The Korean Neo-Confucianism of Yi Toegye and Yi Yulgok (Part 184)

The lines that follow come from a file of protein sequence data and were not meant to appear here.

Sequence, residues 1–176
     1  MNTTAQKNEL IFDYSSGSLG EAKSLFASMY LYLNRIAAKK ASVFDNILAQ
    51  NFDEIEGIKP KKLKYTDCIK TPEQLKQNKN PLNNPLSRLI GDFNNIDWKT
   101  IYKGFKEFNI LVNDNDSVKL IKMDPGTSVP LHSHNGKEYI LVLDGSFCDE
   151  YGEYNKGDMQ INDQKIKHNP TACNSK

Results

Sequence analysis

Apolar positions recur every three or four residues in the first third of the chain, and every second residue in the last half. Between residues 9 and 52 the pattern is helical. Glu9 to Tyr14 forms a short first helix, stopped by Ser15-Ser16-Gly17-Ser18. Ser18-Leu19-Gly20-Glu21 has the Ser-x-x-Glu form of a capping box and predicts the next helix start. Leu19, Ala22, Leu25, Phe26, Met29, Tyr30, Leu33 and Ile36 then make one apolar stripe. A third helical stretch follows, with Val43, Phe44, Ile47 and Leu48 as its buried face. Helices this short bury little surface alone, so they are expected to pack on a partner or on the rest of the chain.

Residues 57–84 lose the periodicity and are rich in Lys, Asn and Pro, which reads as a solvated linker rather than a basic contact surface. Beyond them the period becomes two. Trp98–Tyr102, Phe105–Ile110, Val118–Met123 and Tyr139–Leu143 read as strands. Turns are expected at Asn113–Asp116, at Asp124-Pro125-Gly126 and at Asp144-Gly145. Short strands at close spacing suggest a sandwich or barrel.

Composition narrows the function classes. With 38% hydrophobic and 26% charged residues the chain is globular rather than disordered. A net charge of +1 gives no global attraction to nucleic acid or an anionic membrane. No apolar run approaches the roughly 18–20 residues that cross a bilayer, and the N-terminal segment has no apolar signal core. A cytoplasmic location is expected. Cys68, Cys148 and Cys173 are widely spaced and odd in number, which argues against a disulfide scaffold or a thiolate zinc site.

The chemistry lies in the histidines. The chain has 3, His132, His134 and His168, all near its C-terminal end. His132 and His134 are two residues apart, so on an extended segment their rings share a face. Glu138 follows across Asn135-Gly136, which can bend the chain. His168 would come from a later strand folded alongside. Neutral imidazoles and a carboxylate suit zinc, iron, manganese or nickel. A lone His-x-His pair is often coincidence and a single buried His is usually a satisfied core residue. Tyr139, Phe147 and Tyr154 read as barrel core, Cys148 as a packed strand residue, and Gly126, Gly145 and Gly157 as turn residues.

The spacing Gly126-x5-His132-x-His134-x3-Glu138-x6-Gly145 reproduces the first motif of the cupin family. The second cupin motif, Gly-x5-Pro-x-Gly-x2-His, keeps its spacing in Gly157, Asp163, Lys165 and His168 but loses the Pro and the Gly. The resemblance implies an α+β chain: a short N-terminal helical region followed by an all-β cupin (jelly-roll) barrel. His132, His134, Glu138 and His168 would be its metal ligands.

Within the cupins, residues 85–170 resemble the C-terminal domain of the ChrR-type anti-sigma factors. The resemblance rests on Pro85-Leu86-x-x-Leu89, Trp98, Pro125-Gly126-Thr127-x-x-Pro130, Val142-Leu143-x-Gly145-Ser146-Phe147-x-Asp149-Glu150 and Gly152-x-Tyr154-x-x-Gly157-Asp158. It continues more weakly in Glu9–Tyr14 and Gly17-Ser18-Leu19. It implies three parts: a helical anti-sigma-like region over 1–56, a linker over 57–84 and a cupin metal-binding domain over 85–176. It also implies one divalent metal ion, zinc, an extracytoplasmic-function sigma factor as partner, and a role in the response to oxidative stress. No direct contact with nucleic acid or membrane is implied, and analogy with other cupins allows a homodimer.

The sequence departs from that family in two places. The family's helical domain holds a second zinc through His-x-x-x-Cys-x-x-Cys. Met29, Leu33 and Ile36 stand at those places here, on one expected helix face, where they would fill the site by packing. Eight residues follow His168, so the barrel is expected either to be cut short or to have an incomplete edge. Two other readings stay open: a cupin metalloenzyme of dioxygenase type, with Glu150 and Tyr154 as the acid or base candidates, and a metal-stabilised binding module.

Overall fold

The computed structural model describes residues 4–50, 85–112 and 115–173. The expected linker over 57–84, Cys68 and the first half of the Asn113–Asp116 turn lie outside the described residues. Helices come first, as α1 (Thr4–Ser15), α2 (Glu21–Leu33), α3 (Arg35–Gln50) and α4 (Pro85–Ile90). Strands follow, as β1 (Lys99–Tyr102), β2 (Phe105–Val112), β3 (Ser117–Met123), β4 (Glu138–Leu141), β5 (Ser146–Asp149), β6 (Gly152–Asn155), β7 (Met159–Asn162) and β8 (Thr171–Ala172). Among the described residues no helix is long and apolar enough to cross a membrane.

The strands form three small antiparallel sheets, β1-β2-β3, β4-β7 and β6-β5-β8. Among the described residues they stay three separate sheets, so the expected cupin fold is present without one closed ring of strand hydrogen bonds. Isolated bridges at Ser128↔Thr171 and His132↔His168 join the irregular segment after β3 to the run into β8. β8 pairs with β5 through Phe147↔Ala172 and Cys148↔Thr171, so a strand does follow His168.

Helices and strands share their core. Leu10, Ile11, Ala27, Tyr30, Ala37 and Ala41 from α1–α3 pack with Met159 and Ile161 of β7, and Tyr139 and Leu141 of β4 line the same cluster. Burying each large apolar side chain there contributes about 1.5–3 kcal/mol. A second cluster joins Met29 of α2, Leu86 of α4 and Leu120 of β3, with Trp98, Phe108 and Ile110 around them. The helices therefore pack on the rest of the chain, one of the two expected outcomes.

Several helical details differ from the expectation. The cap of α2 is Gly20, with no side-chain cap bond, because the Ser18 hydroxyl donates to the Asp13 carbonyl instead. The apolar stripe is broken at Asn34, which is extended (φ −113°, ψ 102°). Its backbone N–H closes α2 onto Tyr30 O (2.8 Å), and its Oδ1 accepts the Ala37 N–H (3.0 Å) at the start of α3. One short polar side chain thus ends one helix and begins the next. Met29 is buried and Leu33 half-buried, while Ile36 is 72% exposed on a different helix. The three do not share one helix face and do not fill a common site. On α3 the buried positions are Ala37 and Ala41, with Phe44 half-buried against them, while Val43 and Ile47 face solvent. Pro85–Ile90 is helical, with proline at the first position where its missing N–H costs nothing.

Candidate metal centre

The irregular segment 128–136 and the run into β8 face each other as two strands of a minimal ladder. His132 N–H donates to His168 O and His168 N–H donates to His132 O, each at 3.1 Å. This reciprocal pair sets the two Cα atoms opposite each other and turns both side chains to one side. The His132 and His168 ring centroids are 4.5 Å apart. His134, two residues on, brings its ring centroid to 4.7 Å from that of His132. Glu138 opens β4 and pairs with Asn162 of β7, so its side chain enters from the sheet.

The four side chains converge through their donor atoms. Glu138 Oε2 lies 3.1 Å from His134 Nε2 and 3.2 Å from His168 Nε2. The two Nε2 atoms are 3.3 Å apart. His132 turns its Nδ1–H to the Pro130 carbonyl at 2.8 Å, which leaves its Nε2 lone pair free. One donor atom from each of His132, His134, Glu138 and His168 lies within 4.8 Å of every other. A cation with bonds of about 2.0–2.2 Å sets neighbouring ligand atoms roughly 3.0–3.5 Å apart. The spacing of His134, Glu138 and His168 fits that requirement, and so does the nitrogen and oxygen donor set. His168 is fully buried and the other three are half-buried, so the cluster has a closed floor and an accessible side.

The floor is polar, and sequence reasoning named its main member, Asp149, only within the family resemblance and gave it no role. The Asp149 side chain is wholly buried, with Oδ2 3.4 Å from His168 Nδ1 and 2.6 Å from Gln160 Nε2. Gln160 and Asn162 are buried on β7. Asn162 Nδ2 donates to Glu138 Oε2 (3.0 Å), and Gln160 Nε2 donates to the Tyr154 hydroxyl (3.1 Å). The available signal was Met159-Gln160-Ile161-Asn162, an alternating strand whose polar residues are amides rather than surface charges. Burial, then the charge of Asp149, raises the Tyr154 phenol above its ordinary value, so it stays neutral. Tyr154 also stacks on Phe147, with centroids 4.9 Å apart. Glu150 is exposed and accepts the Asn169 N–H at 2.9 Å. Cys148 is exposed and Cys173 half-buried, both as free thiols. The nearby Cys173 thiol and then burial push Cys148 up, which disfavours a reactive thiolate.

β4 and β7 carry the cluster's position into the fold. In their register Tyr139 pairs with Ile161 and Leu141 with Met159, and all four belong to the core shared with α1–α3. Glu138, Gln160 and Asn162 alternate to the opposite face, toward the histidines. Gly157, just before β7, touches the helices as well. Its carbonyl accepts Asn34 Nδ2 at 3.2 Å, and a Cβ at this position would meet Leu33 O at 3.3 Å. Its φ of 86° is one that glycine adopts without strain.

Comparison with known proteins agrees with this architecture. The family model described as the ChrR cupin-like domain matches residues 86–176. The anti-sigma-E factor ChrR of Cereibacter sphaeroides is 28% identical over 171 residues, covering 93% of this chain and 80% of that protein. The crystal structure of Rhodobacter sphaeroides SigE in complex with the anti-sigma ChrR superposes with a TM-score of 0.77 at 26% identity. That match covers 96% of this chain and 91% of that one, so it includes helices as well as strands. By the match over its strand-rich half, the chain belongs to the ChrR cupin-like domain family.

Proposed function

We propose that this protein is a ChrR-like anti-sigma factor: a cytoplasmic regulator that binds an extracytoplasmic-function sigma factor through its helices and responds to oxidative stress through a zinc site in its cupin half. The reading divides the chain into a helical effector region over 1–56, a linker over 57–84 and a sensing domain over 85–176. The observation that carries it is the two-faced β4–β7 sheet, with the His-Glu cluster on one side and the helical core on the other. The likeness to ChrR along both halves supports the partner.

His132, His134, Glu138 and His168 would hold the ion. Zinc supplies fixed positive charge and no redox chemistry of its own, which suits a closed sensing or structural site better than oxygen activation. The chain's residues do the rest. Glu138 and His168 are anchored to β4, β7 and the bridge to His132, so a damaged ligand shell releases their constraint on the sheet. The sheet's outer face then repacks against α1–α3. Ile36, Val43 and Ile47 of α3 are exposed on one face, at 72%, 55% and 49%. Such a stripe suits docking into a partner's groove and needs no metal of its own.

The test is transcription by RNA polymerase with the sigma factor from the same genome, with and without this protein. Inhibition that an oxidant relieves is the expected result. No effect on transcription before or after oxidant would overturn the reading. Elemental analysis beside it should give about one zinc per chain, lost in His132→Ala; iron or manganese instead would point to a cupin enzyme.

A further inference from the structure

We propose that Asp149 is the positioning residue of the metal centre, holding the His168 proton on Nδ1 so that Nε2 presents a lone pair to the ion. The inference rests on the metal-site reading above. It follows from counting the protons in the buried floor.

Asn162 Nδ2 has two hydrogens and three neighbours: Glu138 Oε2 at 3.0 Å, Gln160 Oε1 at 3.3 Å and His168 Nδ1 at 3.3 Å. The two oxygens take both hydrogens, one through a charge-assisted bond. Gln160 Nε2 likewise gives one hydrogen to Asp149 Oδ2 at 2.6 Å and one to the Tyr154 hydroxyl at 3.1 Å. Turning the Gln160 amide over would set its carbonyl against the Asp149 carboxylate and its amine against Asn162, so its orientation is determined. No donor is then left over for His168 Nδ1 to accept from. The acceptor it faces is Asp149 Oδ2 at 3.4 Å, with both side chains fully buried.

Yulgok’s political career reveals his vigorous commitment to addressing urgent national needs. As his official positions in various areas demonstrate, the scope of his sirhak is remarkable, covering many areas from ethics to historical research, law, popular education, social structures, military strategies, and politics. In 1569 Yulgok, an influential junior statement man, submitted to the king the Tongho mundap, a political treatise, which consists of eleven articles on political reform, including the policy for “securing people’s welfare” and the popular “education of people.” In 1574 he submitted to the king the Manon pongsa in which he presents the ethic-political essence of his sirhak that for self-cultivation one must have “practical achievement” (silting) and “to comfort the people” one must have a “practical mind-and-heart” (silsim). In addition, he points out seven national problems that are caused by lack of “practical achievement” in maintaining an effective system of government administration. As minister of defines, he also wrote in 1583 the Simu yukcho kye, a critical political treatise, proposing six urgent programmes for government reform, including the education of people. He advocated other reform measures as well, such as “government for people” and government by “public opinion,” which tend to correspond to the spirit of modern democracy. All of these reformist tendencies reveal his serious dedication to practical learning and its concrete implications for government administration and socio-political reform. Although never accepted by the conservative Choson bureaucracy, they did address economic progress and socio-political reform with a practical and functional way of establishing and enlarging an egalitarian and prosperous society in the Neo-Confucian context.

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